Victor Adamson

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Victor Adamson
Albert Victor Adamson

(1890-01-04)January 4, 1890
Died November 9, 1972(1972-11-09) (aged 82)
Other names Denver Dixon, A. V. Anderson, Robert Charles, Al James, Van Johnson, Art Mix
Occupation Screenwriter, film director, film producer, actor
Years active 1910–1970
Dolores Booth (–1959)
Children 3

Victor Adamson (born Albert Victor Adamson; January 4, 1890 – November 9, 1972) was an American director, producer, screenwriter, and actor most famous for directing and starring in B and Z grade westerns in the early days of motion pictures. Adamson often used pseudonyms to credit himself, most often using the name Denver Dixon. His son, Al Adamson, would later follow his father in producing B movies during the 1960s and 1970s.[1]

Early life

Adamson was born in Kansas City, Missouri. His family moved early in his life to Auckland, New Zealand, where he spent most of his youth. In the late 1910s, he returned to the United States with a home-produced movie and managed to find a distributor. He decided to continue making his own movies despite a lack of early success with his films.[2]


The 1924 film Ace of Cactus Range with Adamson directing as Denver Dixon and George Kasterson as Art Mix

Adamson began producing films around 1920. He called his production company Art Mix Productions and named himself the star. Adamson, however, found himself increasingly drawn to work behind the camera. He hired actor George Kesterson to act in his films using the Art Mix moniker, a name that Kesterson used for the rest of his career.[1][2]

With the advent of talking pictures, Adamson produced a series of Z-grade westerns featuring actors from the silent age in the decline of their careers, including Buffalo Bill, Jr., Wally Wales and Buddy Roosevelt. Many of these films were released by a small independent distributor called Superior Talking Pictures. Adamson's productions were of such low quality that the opening credits were often not proofread, leading to typographical errors such as in the case of the Buffalo Bill, Jr. film Lightning Bill, which was spelled Lighting Bill on the title card.[1][2]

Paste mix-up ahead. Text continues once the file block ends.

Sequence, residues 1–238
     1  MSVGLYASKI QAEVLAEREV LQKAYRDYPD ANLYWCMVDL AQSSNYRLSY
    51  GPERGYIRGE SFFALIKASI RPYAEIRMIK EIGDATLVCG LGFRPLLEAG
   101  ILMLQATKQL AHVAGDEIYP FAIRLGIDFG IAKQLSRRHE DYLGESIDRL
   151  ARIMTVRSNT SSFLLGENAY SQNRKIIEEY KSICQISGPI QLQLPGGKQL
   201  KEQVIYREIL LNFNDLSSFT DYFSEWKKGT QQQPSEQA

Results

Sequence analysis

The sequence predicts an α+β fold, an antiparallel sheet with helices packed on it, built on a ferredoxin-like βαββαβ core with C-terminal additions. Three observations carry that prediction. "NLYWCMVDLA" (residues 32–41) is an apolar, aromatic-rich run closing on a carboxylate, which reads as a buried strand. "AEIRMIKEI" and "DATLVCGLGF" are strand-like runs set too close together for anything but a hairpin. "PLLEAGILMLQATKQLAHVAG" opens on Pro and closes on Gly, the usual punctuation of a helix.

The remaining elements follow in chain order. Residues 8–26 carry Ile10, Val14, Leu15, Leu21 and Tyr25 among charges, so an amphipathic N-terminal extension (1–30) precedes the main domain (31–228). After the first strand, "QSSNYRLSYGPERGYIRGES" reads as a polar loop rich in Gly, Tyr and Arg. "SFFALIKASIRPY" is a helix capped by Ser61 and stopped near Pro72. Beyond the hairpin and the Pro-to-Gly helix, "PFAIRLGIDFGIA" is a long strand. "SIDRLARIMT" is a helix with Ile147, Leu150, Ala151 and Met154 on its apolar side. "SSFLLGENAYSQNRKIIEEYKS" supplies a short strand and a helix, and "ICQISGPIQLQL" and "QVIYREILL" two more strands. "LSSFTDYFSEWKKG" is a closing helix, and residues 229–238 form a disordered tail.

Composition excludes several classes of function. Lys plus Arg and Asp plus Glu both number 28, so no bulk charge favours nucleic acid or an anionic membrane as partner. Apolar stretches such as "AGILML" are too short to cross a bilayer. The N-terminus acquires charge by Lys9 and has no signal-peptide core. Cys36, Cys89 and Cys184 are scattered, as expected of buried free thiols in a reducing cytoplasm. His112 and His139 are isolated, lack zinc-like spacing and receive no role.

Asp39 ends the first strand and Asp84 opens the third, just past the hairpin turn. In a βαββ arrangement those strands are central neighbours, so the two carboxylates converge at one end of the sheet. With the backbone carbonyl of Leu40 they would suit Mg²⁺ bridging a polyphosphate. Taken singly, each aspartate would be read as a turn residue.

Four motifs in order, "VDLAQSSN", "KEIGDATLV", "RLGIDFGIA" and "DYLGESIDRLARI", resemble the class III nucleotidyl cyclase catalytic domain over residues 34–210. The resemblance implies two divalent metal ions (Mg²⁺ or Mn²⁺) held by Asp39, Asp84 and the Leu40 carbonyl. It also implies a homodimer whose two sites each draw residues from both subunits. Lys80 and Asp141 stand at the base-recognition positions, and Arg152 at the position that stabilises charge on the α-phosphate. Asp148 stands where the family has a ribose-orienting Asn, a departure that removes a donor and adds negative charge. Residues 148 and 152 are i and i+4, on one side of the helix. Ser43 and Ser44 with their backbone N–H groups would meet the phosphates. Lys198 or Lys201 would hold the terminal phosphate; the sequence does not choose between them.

In 1936 Adamson attempted to turn a young stuntman, Wally West, into a star using the name Tom Wynn. Adamson himself co-starred in the resulting film, Desert Mesa, using the pseudonym Art James. He was not able to find many companies willing to buy the film due to its poor quality. Adamson would star in one additional film after Desert Mesa, 1938's Mormon Conquest.[2]

Following Mormon Conquest Adamson would show up in many films, mostly westerns and mostly in bit parts, through the late '30s and '40s. Often credited as "Denver Dixon", he appeared in approximately 130 films during this period.[1] After a career hiatus, he briefly returned to filmmaking when he produced two horror films with son Al Adamson, Halfway to Hell in 1961 and Two Tickets to Terror in 1963. These films would inspire the younger Adamson to produce B movies of his own, which he did from the '60s through the early '80s.[1][2]


Adamson died of a heart attack on November 9, 1972 in Los Angeles, aged 82.[2]


  1. ^ a b c d e "Victor Adamson/Denver Dixon". B-Westerns. Retrieved 2010-07-01.
  2. ^ a b c d e f Wollstein, Hans J. "Denver Dixon". All Movie Guide. Retrieved 2010-07-01.

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